"I hate cats." -- Sylvia Mangano (Bizarre Los Angeles)

Silvana Mangano

Posted on Leave a commentPosted in Forgotten Stars

“I hate cats.” — Sylvia Mangano Photo: Peter Basch 2

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"None of us knew anything in those days. Mr. Griffith always called us young ladies and she saw to it that we never smoked or drank or played cards. We didn't anyway." -- Miriam Cooper (Bizarre Los Angeles)

Miriam Cooper

Posted on Leave a commentPosted in Silent Film Stars

“None of us knew anything in those days. Mr. Griffith always called us young ladies and she saw to it that we never smoked or drank or played cards. We didn’t anyway. We didn’t have beaus, except Dorothy Gish, who was going with Bobby Harron; we’d come to the set looking like tramps, our shoes […]

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Lillie Christine, "The Cat Lady" (Bizarre Los Angeles)

Lilly Christine – “Cat Girl”

Posted on Leave a commentPosted in Forgotten Stars

Lilly Christine (sometimes spelled “Lillie”) was a popular burlesque performer of the late 1940s and 1950s. Her real name was Lilliana Christina and she came from Buffalo, New York. She stood 5′ 6.5 inches and had blue eyes. Her Hollywood credits include My Wild Irish Rose and Two Guys from Texas. She played on Broadway […]

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"Welcome to my boudior...our special hideaway." -- Voluptua in 1954. Bizarre Los Angeles.

Gloria Pall – Voluptua

Posted on Leave a commentPosted in Bizarre Personalities, Forgotten Stars

Hollywood – (U.P. by Aline Mosby) December 16, 1954 — The latest gift to local television viewers is a buxom blonde in a negligee who kisses the TV screen and murmers “Welcome to my boudior…our special hideaway.” The bosomy beauty, called Voluptua, is a new star on the local ABC TV station that already has […]

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Virginia Warwick (Bizarre Los Angeles)

Virginia Warwick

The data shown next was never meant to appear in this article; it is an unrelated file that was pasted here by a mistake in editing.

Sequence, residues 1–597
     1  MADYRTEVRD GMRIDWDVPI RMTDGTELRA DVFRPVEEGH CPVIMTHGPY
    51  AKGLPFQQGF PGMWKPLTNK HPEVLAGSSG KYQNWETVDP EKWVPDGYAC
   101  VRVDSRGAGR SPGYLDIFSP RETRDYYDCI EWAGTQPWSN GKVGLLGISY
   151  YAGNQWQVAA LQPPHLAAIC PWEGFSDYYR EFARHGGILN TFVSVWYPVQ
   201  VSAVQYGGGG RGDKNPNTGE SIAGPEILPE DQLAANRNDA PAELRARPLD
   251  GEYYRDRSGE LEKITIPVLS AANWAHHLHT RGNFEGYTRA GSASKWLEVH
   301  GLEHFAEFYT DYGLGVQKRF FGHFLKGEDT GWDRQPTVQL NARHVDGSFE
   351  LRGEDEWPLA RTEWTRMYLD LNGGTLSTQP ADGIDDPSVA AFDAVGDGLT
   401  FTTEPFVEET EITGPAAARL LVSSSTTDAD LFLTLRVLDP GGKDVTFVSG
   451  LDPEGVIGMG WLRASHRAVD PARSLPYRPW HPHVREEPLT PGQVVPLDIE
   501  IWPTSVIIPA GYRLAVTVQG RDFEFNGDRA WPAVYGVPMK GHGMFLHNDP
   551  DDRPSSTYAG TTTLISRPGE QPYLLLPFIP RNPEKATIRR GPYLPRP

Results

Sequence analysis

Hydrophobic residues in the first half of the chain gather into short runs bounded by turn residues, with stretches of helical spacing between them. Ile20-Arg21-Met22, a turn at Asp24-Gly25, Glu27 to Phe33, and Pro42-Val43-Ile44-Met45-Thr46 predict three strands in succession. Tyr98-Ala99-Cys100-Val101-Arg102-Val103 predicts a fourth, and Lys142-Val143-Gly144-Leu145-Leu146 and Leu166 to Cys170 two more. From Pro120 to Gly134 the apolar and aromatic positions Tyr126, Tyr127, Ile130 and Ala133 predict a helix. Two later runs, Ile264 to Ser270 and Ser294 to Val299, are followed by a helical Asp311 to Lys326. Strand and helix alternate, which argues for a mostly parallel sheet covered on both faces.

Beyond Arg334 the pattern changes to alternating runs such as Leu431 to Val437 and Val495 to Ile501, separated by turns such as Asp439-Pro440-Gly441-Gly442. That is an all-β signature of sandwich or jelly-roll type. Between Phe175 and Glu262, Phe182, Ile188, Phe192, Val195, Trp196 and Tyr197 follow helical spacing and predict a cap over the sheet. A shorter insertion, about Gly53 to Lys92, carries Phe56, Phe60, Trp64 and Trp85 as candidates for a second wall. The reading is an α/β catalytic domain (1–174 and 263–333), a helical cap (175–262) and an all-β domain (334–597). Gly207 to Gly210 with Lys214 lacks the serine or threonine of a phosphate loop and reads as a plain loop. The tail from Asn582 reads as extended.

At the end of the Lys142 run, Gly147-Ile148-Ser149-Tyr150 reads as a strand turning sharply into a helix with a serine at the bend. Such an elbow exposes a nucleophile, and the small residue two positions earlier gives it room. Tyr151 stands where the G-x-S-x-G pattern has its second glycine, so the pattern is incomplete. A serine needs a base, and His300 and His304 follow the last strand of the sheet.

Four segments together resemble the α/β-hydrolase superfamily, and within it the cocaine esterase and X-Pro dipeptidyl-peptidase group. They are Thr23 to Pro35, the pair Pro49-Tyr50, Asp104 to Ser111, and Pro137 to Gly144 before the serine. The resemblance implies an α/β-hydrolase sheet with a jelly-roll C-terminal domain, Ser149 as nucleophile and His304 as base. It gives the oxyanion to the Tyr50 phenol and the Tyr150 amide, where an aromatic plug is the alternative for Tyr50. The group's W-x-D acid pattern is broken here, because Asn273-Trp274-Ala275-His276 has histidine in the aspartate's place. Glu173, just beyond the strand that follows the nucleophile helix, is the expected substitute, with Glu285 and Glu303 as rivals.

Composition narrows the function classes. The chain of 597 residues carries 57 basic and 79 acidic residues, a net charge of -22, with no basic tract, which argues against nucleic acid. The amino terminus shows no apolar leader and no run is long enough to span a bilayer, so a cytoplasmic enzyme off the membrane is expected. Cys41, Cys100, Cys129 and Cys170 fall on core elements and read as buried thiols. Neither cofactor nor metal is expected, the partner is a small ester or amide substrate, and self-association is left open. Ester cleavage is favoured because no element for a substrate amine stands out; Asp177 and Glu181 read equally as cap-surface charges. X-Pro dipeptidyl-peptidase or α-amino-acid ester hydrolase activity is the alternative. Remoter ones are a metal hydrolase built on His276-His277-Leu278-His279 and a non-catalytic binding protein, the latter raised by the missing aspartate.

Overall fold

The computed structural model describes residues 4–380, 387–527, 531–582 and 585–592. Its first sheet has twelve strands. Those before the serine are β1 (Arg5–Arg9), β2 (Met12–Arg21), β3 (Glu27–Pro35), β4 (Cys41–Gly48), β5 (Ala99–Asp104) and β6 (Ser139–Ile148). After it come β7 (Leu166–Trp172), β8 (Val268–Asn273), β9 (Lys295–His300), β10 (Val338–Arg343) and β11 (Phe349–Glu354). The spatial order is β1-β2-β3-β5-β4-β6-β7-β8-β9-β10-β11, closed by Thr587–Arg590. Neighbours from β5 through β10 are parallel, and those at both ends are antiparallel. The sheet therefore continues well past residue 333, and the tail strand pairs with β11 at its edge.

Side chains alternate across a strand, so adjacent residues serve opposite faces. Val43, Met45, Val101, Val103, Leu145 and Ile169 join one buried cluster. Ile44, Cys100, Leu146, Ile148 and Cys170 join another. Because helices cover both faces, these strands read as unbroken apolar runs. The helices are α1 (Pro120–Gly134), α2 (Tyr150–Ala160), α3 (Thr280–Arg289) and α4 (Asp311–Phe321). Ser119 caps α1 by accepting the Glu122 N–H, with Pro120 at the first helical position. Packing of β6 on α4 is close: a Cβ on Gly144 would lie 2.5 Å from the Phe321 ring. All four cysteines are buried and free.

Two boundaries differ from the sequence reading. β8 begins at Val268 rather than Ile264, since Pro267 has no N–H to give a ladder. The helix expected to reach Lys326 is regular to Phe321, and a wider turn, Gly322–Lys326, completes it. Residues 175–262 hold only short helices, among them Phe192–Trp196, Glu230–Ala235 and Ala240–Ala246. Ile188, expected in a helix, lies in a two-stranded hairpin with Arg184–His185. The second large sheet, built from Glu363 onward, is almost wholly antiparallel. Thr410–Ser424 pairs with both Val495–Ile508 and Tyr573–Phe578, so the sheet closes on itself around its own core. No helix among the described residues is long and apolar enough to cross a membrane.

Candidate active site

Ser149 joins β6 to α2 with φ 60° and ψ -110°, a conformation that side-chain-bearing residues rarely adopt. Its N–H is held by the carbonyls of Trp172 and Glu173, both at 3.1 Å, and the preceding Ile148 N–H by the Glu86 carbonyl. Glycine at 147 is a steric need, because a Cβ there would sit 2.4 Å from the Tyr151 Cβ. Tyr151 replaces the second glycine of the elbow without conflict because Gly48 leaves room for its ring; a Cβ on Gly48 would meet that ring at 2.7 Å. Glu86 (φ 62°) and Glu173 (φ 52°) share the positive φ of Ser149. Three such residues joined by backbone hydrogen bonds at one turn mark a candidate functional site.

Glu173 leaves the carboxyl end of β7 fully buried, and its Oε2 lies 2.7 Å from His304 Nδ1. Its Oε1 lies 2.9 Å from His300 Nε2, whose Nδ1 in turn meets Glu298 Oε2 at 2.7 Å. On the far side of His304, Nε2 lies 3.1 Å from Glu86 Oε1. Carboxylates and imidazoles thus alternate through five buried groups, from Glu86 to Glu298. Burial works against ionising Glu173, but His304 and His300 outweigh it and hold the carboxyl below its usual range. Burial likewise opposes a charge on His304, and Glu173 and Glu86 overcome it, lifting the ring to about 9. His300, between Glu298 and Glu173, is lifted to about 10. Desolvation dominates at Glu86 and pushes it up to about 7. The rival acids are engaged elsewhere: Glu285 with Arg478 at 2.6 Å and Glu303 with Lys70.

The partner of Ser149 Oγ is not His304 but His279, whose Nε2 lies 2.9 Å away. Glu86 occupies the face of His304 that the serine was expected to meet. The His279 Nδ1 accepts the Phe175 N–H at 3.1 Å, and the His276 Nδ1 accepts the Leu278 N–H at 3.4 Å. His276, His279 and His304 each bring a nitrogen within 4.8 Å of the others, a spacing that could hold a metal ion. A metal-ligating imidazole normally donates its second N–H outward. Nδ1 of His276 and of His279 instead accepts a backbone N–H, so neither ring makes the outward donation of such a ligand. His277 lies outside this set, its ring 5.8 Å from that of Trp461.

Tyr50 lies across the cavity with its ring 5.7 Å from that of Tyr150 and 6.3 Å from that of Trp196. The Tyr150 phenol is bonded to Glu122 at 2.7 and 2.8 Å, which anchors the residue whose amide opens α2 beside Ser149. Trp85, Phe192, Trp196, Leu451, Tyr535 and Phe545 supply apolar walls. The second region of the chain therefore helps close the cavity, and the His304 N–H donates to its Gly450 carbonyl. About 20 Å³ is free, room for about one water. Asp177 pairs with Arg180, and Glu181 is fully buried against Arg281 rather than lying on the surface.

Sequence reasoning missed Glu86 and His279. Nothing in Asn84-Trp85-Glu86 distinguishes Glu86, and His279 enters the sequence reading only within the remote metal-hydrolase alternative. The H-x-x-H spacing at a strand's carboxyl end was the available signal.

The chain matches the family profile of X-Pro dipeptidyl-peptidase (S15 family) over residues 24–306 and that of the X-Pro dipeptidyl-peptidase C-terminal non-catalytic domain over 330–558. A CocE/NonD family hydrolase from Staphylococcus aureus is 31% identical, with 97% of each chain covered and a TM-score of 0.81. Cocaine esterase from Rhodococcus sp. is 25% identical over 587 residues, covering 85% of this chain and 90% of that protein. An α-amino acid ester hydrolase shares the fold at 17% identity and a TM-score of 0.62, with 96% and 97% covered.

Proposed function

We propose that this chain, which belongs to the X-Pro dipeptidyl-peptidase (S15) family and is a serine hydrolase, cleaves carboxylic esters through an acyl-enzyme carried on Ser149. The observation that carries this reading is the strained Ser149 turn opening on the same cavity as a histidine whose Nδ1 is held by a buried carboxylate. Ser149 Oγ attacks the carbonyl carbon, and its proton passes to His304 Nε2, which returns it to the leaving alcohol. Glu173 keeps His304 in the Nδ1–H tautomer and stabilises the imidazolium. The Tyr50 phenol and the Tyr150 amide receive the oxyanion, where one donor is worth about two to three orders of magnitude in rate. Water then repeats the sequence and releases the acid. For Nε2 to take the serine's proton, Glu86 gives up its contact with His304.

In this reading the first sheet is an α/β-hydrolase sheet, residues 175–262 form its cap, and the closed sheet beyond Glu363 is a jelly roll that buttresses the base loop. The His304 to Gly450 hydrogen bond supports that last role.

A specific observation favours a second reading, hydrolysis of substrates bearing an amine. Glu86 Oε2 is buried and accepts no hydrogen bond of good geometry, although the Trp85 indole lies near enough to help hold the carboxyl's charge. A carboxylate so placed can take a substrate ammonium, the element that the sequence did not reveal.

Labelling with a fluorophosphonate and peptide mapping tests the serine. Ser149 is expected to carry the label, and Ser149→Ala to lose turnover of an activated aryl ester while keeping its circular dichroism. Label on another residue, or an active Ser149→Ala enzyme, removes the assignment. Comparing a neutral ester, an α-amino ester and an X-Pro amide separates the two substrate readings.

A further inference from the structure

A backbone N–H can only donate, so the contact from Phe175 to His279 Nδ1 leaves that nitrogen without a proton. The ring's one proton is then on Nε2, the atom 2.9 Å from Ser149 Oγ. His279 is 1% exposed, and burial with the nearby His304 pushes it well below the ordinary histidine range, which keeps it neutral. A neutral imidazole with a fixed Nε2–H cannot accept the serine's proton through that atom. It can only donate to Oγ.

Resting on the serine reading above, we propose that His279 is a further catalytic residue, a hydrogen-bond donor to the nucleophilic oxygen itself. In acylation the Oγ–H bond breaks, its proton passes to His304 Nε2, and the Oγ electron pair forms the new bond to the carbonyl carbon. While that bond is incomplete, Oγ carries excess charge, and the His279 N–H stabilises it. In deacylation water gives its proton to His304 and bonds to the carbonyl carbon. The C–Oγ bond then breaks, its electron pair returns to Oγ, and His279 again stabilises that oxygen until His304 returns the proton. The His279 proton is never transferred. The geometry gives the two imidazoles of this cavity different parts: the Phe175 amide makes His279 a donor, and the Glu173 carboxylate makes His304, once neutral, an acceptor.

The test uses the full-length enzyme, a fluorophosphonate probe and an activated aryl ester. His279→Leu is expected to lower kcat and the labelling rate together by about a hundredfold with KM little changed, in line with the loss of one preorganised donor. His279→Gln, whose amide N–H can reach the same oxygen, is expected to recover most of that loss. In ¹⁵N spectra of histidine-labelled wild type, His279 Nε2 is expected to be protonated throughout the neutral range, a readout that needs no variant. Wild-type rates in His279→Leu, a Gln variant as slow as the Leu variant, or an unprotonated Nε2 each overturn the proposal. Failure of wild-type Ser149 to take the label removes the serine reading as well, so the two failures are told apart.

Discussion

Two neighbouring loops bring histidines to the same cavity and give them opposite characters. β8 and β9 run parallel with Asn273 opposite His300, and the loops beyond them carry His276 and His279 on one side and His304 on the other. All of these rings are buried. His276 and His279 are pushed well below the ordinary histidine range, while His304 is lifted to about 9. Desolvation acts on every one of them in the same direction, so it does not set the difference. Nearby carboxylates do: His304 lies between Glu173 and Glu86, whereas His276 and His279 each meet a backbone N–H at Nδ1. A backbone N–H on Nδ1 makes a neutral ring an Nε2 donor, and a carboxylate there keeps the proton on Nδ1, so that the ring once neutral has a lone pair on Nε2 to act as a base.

Posted on Leave a commentPosted in Silent Film Stars

SCREEN ACTING LURED VIRGINIA FROM THE WAVES From the waves to the field of dramatic acting! Washington Herald, Feb. 26, 1922 Virginia Warwick, one of the famous Mack Sennett bathing beauties, she of the dark, vivacious eyes, deserted the lure of the swimming tank and the sandy beach to appear in one of the stellar […]

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Eleanor Blevins (Bizarre Los Angeles)

Eleanor Blevins

Posted on Leave a commentPosted in Silent Film Stars

“She swims like Annette Kellerman, drives a machine like Barney Oldfield, fences like Piquard, boxes like Willie Ritchie; and as for bust-tricks of the range from throwing broncos: she was taught all the lariat to ‘bulldogging’ a steer by Tom Mix. She holds the unique distinction of being the first lady to ever perform the […]

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"Actresses are supposed to act and yet the most difficult thing is to remember not to act. I get before the camera." -- Eva von Berne (Bizarre Los Angeles)

Eva von Berne

Posted on Leave a commentPosted in Silent Film Stars

“Actresses are supposed to act and yet the most difficult thing is to remember not to act. I get before the camera. ‘Eva,’ says Director Victor Seastrom, ‘your lover is leaving you. You will never see him again. Your heart is broken.’ I begin to feel heartbroken, and then I all tighten up. ‘Stop the […]

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Ricardo Cortez (Bizarre Los Angeles)

Ricardo Cortez

Posted on Leave a commentPosted in Celebrity Portraits, Male Stars, Silent Film Stars

“Cortez‘s real name is Jack Kranze. He became Ricardo Cortez in 1922 when Lasky wanted a studio threat to his big star, Rudolph Valentino.  Kranze-Cortez came from New York’s East Side, son of a well-to-do Jewish family.” – Reporter Bill Slocum in 1958.    

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The first English word Hungarian silent film star Lya de Putti learned when she came to America to make movies was "Applesauce," which was 1920s slang for "nonsense." (Bizarre Los Angeles)

Lya de Putti

Posted on Leave a commentPosted in Silent Film Stars

The first English word Hungarian silent film star Lya de Putti learned when she came to America to make movies was “Applesauce,” which was 1920s slang for “nonsense.”     De Putti was the subject of many sensational stories in Europe before coming to Hollywood. Below is one of those stories. There is no author to […]

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"The vampire can assume many, many forms at will. Sometimes it appears as a bat..." -- line from Son of Dracula (1943) Bizarre Los Angeles

Horror Films of the 1940s

Posted on Leave a commentPosted in Hollywood Horror

“The vampire can assume many, many forms at will. Sometimes it appears as a bat…” — line from Son of Dracula (1943)     Lucky Ghost (1942) with Mantan Moreland.     –“What you gonna do?” –“Perform a very interesting experiment.” — Lines from The Jungle Captive (1945)

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